No one is born with a fear of the holidays. It sort of develops.
To those unfortunate ones, the hustle and the bustle feel like an anxiety attack waiting to happen. Gift giving is accompanied with the shadowy risk of disappointment.
How do you transform holiday fear to Christmas cheer?
Not all holidays are the same. There were those wintry seasons that caught me too far from home to come back, and I spent a Christmas, New Year's or Thanksgiving celebrating makeshift with people I barely knew.
There were others that found me unable to see very important people in my life, and I felt downhearted. Others were deliriously happy, like the time all my nieces and nephews were present and we had a familywide talent show, complete with harmonious singing and skits.
Or the time I spent them with two college girlfriends who made me laugh non-stop, even when I got locked out of my house in my PJs trying to say goodbye.
But this year, after a stressful week that caused my spirit to feel deflated at the mere thought of putting up a tree, or wrapping gifts, or even shopping -- I decided to treat myself. I got my hair cut spontaneously at the salon. The style was perfect, and I shook it playfully when I was complimented. I went to have my nails painted and let the young lady draw a beautiful, snowflake design on them that made me happy, like a little girl. I decided to get false lashes again, though in the past this has proven to be an misguided act that left me partially eyelash bald. I even got a half-priced massage with a spirited therapist who lifted my mood from the moment I walked in. Wow.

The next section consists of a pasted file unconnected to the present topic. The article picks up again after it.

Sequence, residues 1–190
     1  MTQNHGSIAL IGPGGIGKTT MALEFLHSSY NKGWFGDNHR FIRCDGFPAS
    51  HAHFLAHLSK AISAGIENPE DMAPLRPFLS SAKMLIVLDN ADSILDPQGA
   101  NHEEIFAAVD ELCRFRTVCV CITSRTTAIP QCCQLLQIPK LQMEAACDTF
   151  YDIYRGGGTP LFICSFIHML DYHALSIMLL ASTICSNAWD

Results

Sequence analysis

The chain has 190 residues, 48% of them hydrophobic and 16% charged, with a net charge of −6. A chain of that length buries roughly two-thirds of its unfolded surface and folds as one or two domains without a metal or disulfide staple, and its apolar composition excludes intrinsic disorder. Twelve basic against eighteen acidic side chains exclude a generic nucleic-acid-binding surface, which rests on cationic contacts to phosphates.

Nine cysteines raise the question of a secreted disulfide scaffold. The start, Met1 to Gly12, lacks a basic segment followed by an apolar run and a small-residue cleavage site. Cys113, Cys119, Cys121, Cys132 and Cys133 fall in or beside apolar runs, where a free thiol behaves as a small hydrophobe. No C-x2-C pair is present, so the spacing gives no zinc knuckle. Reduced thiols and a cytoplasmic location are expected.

And then I visited Main Street, where a friend and I ate hot tamales to the tune of Latin music, listened to a wonderful bluegrass band, and drank the best hot chocolate I have ever tasted. Suddenly, the holidays became joyous again.
Sometimes it's in the small things. In "How the Grinch Stole Christmas," Dr. Seuss writes, "And the Grinch, with his Grinch-feet ice cold in the snow, stood puzzling and puzzling, how could it be so? It came without ribbons. It came without tags. It came without packages, boxes or bags. And he puzzled and puzzled 'till his puzzler was sore. Then the Grinch thought of something he hadn't before. What if Christmas, he thought, doesn't come from a store? What if Christmas, perhaps, means a little bit more?"
And then there's this from Charles Dickens' "A Christmas Carol":
"But I am sure that I have always thought of Christmas time, when it has come round ... as a good time; a kind, forgiving, charitable, pleasant time; the only time I know of, in the long calendar of the year, when men and women seem by one consent to open their shut-up hearts freely."
Though we should surely think of others during this season, sometimes we have to bring the cheer to ourselves first so we have the energy and overflow to bring it to others. My last quote is from Dale Evans. "Christmas, my child, is love in action." How beautiful, how true. Even if some of that love is reserved for you.
Tabi Upton, MA-lpc, is a therapist at CBI Counseling Center. Email her at firstname.lastname@example.org.